Feb. 20 ? British archaeologists have discovered the "Egyptian Lourdes," a town dating back to 2,500 B.C. that was probably home to priests, builders working on the pyramids and people who would have earned a living by selling religious objects. Buried in the desert sand near the necropolis of Saqqara, 15 miles from Cairo, the town has been pinpointed through geophysical imaging. It is lying 20 feet down in the sand, and measures approximately one mile by three-quarters of a mile, an area probably inhabited by 4,000 people
"We will not know for certain what lies beneath the sand until ? unless ? we excavate. However, the image shows three separate zones of building that we think represent temples, tombs and settlement respectively. The tombs belong to the Old Kingdom, the temples may well be of the 6th-1st century B.C. on the basis of similar structures that we tested in 2001," Tony Leahy of the University of Birmingham, and co-director of the Saqqara Geophysical Survey, told Discovery News. In the settlement, a causeway, lined with temples, leads to a central shrine dedicated to the Apis bull, the sacred bull of Memphis.
The team was originally seeking a long-lost road that would have been used to transport the heavy loads of building materials needed for pyramids and tombs. Instead, the archaeologists found a lake with a town on the side of it. This would indicate that the materials were carried by boat.
"It is important to bear in mind the town's location at the bottom of a slope down from the Saqqara plateau and abutting the Nile floodplain," said Leahy
At the time the town temples were built, Saqqara, the location of the celebrated Step Pyramid of Djoser, was a very important and much-visited religious and healing center, much like Lourdes, the French town that draws millions of faithful each year to seek its allegedly healing properties.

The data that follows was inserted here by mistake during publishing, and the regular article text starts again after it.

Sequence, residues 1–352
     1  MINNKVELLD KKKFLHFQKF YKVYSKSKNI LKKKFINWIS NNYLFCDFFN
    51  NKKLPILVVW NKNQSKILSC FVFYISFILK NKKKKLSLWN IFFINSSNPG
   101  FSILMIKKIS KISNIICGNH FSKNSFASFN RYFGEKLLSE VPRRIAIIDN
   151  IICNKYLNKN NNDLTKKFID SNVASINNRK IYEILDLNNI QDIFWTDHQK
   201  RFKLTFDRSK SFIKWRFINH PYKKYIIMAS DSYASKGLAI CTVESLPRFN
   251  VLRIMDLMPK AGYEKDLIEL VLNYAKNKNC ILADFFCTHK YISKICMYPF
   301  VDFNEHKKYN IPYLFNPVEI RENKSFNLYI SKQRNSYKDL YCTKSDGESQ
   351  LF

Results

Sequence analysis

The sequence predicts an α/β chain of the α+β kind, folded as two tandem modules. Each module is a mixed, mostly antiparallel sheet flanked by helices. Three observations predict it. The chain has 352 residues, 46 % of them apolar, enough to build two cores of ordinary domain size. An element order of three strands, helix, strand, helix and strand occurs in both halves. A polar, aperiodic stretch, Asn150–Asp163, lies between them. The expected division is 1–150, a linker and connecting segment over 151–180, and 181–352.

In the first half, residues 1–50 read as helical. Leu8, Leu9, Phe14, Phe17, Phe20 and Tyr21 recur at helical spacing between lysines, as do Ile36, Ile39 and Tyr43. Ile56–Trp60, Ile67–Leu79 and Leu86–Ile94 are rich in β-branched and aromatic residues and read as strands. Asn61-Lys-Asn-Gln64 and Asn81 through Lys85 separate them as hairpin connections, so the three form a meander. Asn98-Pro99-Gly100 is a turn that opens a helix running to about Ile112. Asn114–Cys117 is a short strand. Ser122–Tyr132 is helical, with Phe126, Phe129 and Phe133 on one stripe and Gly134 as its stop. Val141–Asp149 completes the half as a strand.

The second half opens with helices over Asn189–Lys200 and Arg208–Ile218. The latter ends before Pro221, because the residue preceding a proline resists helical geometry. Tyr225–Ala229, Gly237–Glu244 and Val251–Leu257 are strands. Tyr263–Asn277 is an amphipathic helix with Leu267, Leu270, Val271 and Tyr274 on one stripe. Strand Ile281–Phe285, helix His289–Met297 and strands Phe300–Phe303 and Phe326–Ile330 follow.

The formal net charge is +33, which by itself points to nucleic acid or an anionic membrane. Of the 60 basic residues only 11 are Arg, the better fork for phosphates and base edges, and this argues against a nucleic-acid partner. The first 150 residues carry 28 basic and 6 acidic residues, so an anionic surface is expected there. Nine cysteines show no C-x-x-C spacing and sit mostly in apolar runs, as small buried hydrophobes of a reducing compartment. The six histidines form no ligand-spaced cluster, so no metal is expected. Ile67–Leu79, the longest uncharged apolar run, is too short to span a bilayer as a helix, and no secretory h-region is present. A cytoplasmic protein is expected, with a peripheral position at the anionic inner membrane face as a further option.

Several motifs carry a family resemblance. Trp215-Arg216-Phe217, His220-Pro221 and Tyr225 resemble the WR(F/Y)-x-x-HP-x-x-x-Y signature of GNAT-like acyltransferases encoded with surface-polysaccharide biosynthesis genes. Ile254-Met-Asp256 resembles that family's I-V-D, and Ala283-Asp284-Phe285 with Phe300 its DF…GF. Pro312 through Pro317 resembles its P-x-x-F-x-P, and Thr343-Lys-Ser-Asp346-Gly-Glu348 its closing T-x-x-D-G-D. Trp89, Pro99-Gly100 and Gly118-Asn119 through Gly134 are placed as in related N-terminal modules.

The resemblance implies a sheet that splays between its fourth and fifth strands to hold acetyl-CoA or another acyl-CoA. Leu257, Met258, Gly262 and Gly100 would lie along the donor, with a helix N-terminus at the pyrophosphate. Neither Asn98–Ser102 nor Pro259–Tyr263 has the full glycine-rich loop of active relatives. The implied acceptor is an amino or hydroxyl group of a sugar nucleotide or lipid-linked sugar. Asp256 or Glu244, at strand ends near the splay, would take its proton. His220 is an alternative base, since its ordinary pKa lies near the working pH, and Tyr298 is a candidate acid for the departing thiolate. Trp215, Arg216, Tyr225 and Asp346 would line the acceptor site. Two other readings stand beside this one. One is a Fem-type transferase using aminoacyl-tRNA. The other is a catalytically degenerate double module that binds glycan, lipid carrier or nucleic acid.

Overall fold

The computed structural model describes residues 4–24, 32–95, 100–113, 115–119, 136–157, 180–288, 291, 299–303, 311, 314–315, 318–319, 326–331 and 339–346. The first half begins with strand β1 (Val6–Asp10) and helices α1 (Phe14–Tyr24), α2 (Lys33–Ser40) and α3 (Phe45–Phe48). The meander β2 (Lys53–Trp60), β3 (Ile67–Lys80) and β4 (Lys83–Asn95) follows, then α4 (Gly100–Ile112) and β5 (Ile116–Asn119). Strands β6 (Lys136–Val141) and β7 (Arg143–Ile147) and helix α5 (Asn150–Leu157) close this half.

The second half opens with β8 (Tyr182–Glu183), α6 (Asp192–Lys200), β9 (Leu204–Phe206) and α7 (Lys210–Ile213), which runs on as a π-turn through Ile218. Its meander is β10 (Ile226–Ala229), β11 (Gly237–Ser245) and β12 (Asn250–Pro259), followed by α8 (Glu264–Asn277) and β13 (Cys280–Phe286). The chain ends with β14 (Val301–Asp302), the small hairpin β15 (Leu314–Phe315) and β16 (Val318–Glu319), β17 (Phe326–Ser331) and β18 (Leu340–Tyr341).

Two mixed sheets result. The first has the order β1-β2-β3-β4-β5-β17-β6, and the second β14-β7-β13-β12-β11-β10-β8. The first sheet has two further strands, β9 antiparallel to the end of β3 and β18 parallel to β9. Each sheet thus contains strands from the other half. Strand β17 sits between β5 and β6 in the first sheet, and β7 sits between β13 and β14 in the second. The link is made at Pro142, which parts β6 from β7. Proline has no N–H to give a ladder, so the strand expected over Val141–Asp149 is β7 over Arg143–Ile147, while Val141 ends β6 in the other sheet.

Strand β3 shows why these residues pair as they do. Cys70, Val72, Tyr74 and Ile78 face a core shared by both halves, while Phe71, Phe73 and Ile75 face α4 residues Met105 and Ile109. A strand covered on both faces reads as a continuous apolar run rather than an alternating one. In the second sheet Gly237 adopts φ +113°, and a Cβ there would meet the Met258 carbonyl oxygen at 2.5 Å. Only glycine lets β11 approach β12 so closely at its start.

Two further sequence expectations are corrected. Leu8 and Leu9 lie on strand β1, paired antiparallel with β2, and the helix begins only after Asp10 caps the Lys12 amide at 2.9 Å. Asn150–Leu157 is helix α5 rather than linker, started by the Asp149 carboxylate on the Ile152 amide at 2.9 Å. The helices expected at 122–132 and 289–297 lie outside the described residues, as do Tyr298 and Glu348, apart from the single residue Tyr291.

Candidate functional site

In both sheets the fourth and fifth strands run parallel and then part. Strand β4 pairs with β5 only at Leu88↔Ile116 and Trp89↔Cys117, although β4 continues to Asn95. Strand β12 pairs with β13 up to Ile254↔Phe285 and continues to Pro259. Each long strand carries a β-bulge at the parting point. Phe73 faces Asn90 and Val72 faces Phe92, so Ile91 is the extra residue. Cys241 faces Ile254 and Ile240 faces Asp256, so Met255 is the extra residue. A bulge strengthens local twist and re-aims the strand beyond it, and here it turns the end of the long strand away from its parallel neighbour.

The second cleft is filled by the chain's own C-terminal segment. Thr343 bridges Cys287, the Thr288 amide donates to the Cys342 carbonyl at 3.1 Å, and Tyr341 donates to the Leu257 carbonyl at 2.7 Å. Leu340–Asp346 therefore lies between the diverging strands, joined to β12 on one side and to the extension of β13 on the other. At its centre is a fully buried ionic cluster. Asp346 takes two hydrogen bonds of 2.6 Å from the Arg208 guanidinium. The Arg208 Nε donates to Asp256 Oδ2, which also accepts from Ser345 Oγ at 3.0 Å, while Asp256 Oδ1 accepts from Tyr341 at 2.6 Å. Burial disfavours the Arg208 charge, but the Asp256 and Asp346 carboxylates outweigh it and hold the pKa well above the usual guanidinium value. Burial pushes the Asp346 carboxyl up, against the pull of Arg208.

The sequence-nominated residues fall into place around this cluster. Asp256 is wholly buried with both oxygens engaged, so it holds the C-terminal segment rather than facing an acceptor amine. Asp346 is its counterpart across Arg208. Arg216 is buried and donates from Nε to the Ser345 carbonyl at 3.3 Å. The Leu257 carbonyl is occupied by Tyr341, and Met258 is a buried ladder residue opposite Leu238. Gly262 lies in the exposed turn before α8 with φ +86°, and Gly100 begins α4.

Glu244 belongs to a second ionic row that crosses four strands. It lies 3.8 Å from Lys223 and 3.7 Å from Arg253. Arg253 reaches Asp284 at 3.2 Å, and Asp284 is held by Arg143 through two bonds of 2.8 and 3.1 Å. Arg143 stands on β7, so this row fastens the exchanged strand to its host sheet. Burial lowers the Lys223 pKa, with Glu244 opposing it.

The newly discovered town, a one-line reference in the papers of French archaeologists Auguste Mariette and Jacques de Morgan who had worked in Egypt in the 1890s, may well at that date have been the point at which visitors arrived, found food and lodging, and could buy souvenirs.
"The priests had a good business in selling mummified ibis, falcons, baboons, cats, and other religious objects" Ian Mathieson, the other project director, told Discovery News
According to David Jeffreys, of the University College London's Institute of Archaeology, it is perhaps premature to describe the settlement as an independent city, since it was one of the desert-edge mortuary suburbs of Memphis.
"The area is almost certainly linked to the adjacent groups of sacred animal temple complexes of the Late and Hellenistic periods (6th-4th and 4th-1st centuries B.C.). As well as one of the reception points for pilgrims and other visitors, it may include the animal farms in which the ibis, falcons, baboons etc were reared and penned," Jeffreys told Discovery News.
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